Academic journal article Fuzzy Economic Review

Fuzzy Grouping Variables in Economic Analysis. a Pilot Study of a Verification of a Normative Model for R&d Alliances

Academic journal article Fuzzy Economic Review

Fuzzy Grouping Variables in Economic Analysis. a Pilot Study of a Verification of a Normative Model for R&d Alliances

Article excerpt

(ProQuest: ... denotes formulae omitted.)

1.INTRODUCTION

Many investments decisions in presence of uncertainty can be characterized as real options problems [9, 19]. Consequently, in the last decade, the development of normative techniques to evaluate real options investments, summarized by the seminal book by Dixit and Pyndyck [11], has significantly shaped the research on sequential investments and created a fruitful paradigm for its treatment [17].

More recently real options analysis (ROA) has been used also to evaluate R&D alliances established between firms [8,15,16,17,25]. These agreements not only generate stochastic benefits (which suggest the existence of uncertainty) but also bring sunk costs (which imply irreversibility). In addition, a key element in these agreements is flexibility: firms have the opportunity, but not the obligation to sign an alliance, or sometimes the right to renew an existing one. In other words, they can postpone their decisions to form an alliance when more information is available. Therefore, the study of R&D alliances in a real options framework per sé includes these important three aspects [23]. Despite the normative work on real option valuation, only recently some researches have started analysing behavioral aspects [19]. These studies highlight that individuals exhibit systematic deviations from the predictions derived using normative models [22].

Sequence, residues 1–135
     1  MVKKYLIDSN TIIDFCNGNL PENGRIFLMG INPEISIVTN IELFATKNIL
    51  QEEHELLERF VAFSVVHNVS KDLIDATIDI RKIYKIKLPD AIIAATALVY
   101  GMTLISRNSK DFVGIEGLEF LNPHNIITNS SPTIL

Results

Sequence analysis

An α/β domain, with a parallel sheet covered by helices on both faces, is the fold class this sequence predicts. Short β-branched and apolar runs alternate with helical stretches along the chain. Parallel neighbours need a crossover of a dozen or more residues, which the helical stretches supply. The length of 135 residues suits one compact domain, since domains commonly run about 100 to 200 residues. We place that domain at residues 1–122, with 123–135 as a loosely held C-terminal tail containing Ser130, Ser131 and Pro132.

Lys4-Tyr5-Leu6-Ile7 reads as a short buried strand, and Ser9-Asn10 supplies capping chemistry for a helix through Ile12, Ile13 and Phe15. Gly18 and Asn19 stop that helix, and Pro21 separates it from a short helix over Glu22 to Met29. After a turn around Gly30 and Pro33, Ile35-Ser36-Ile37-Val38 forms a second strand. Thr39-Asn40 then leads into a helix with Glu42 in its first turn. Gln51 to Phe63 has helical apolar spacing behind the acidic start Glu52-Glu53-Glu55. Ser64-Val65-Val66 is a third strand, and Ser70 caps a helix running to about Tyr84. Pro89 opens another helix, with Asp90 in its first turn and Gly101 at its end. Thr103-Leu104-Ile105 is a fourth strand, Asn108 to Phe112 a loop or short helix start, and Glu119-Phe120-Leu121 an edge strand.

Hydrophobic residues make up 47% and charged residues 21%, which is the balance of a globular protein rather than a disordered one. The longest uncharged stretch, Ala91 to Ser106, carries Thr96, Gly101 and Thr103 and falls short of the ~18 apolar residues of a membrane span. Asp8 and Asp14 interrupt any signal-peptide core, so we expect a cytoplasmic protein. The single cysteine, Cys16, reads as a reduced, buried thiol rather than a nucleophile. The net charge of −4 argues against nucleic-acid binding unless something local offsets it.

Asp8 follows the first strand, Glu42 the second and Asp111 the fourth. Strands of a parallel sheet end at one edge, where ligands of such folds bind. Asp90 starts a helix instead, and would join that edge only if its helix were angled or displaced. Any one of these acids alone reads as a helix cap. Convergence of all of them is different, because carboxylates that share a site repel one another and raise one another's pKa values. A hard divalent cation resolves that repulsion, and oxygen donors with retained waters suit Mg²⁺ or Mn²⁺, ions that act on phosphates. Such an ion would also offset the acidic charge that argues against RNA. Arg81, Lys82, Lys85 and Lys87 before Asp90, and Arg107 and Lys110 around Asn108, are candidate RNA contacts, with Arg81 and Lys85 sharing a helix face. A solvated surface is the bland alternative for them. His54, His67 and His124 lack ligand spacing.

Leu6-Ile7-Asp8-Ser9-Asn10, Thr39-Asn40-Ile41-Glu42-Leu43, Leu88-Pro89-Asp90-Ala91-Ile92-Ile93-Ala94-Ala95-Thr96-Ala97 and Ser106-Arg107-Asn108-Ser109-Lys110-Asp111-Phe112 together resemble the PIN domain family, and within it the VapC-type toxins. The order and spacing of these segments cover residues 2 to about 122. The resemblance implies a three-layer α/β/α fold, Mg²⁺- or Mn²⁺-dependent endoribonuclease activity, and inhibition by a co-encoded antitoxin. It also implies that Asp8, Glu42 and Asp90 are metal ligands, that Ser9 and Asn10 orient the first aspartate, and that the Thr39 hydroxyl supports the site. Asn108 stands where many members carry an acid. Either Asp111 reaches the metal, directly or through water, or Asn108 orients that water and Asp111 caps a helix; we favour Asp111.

This research attempts to extend the boundaries of real options analysis to environments where people have biases in their decision-making, especially in the context of R&D alliances and merger and acquisitions as well as to provide tools for appropriate validation of the relevant models. Consistent with neoclassical rational theory, prior studies show that mergers are driven by rational expectations of growth options, synergies or reallocation of assets in a response to industry shocks. The rational view also includes real options models, where decisions such as acquisitions waves are driven by growth opportunities [30]. However, contrary to rational theory, decision makers may act irrationally when making acquisition choices under uncertainty [18,28]. Individuals exhibit systematic deviations from the predictions derived using normative models - i.e. models assuming that individuals are risk neutral expected value maximizing agents [22]. Investors' exuberance, positive sentiments of boards as well as cognitive biases - such as overconfidence - influence companies' acquisition behavior under uncertainty. To use Smit and Lovallo's [28] words, "acquisition strategy is vulnerable to the way managers perceive risk and losses, judgment biases in their strategy, the bidding behavior of rivals and mispricing in financial markets". Note, that these assumptions need to be reflected also in the design of the validation instruments and in the collection of validation data. Such data need to be gathered in a way that allows for the identification of specific subgroups in the validation sample that meet the assumptions of the models. Standard grouping variables may not be applied in the analysis of the sample, since the definition of the subgroups may not be crisp (e.g. rationality, risk-aversion, etc. can manifest themselves in a particular respondent to a certain degree, not necessarily fully). The requirement of full satisfaction of certain assumptions (full rationality, full information, etc.) may render the applicable part of the validation sample too small to be still relevant. On the other hand the use of the full sample without any knowledge concerning their fulfilment of the assumptions of the model that is being validated is methodologically incorrect. This calls for two things - first, the tools for the assessment of the degree of fulfilment of the assumptions of the model in the participants (and the data they provide) need to be available (or at least built-in the data gathering procedure), and second, data analysis tools capable of dealing with fuzzy subsets of the validation sample need to be used. …

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